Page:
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malevolence

[muh-lev-uh-luh ns] /məˈlɛv ə ləns/
noun
1.
the quality, state, or feeling of being malevolent; ill will; malice; hatred.
Origin
late Middle English
1425-1475
1425-75; < Latin malevolentia (see malevolent, -ence); replacing late Middle English malivolence < Middle French < Latin as above
Synonyms
maliciousness, spite, spitefulness, grudge, venom. Malevolence, malignity, rancor suggest the wishing of harm to others. Malevolence is a smoldering ill will: a vindictive malevolence in her expression. Malignity is a deep-seated and virulent disposition to injure; it is more dangerous than malevolence, because it is not only more completely concealed but it often instigates harmful acts: The malignity of his nature was shocking. Rancor is a lasting, corrosive, and implacable hatred and resentment.
Dictionary.com Unabridged
Based on the Random House Dictionary, © Random House, Inc. 2014.
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Examples from the web for malevolence
  • Yes, much of the time, malevolence is not the reason behind such questions.
  • The way the eyes are lit and something about the shape of the mask give an impression of unconcerned malevolence.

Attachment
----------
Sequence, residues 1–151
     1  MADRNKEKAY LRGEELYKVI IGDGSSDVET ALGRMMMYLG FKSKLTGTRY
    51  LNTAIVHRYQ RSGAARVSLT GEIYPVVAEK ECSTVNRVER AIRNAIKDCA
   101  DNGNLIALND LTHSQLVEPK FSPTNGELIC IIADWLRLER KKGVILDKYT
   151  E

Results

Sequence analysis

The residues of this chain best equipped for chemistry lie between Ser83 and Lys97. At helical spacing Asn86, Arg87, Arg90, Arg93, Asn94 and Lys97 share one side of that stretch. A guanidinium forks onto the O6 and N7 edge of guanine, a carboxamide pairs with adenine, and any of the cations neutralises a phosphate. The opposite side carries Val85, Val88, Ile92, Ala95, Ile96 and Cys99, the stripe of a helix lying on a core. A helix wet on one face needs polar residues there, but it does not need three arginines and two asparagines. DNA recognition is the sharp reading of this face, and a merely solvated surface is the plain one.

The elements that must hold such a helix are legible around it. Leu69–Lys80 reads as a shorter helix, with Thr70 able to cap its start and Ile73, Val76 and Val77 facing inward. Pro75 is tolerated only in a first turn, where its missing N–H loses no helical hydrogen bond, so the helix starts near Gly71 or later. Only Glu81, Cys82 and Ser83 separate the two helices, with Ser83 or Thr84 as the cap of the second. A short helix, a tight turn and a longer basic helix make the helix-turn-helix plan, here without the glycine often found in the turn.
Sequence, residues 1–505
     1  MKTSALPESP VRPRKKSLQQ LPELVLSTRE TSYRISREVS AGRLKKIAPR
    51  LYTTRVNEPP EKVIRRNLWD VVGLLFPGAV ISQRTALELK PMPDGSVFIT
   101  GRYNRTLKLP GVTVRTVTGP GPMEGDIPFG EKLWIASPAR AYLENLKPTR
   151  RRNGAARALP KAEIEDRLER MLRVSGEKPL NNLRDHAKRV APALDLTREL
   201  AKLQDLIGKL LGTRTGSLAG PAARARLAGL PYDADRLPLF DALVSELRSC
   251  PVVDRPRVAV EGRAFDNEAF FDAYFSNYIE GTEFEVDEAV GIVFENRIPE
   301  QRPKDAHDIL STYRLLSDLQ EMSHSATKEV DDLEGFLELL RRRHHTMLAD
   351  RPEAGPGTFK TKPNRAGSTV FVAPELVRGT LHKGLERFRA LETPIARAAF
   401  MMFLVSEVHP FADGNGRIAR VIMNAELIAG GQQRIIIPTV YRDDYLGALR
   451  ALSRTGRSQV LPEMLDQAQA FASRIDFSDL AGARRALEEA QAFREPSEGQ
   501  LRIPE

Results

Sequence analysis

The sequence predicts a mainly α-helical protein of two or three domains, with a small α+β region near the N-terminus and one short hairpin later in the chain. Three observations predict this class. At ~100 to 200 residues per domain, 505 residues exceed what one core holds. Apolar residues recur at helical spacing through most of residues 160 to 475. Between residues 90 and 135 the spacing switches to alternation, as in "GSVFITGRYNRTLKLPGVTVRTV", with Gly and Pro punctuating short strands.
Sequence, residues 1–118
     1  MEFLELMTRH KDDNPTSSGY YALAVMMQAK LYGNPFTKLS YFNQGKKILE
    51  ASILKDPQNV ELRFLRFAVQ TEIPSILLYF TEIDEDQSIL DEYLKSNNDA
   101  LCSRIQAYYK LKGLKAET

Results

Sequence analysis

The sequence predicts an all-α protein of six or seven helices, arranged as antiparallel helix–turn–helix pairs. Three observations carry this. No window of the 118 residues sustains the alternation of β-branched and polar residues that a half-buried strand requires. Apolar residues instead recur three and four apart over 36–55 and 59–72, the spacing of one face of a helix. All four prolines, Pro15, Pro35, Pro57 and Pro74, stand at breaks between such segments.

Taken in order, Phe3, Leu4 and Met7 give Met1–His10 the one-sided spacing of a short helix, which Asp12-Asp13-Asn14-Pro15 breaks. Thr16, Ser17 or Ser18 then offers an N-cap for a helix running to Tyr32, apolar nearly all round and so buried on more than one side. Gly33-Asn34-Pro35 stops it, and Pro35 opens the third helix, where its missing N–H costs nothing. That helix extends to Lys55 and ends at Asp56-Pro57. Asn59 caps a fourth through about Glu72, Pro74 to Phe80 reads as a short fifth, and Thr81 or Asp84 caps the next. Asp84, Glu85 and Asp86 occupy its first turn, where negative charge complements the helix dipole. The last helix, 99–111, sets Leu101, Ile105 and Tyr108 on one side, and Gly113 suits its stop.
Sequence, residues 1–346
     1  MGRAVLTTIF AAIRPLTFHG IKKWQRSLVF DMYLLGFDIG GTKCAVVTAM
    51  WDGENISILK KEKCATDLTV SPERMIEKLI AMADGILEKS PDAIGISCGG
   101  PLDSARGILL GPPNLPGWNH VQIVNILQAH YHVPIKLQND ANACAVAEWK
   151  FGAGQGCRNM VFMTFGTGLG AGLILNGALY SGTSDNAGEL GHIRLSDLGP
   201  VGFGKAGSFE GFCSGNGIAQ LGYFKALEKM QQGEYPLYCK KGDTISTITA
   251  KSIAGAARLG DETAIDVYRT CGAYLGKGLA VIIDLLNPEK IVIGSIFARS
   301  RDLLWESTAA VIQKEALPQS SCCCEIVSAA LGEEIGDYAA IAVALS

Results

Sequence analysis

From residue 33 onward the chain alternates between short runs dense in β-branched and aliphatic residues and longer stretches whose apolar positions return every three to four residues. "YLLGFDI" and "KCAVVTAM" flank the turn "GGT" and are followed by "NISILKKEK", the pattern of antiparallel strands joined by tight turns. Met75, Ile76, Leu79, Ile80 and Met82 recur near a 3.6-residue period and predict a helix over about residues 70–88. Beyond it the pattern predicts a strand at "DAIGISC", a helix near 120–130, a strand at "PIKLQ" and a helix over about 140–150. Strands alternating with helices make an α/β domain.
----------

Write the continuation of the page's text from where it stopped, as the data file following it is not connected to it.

• They seemed to devote all of their leisure time–and baboon life is mostly leisure time–to mischief and malevolence.
  • The dispute between the grandparents and uncle was free of malevolence found in similar cases.
  • But that is less a consequence of its malevolence than of its novelty.
  • The answers have little to do with malevolence, and a lot to do with circumstance.
  • His one eye gleamed with malevolence.
  • Where the government has tripped up so far, it seems to have been mainly from inexperience rather than malevolence.
  • He seemed possessed of a granite-like malevolence.
  • It paradoxically communicates strength, malevolence, fear and hope.
Word Origin and History for malevolence
n.

mid-15c., from Middle French malevolence and directly from Latin malevolentia "ill-will, dislike, hatred," from malevolentem (nominative malevolens) "malevolent" (see malevolent).

Online Etymology Dictionary, © 2010 Douglas Harper
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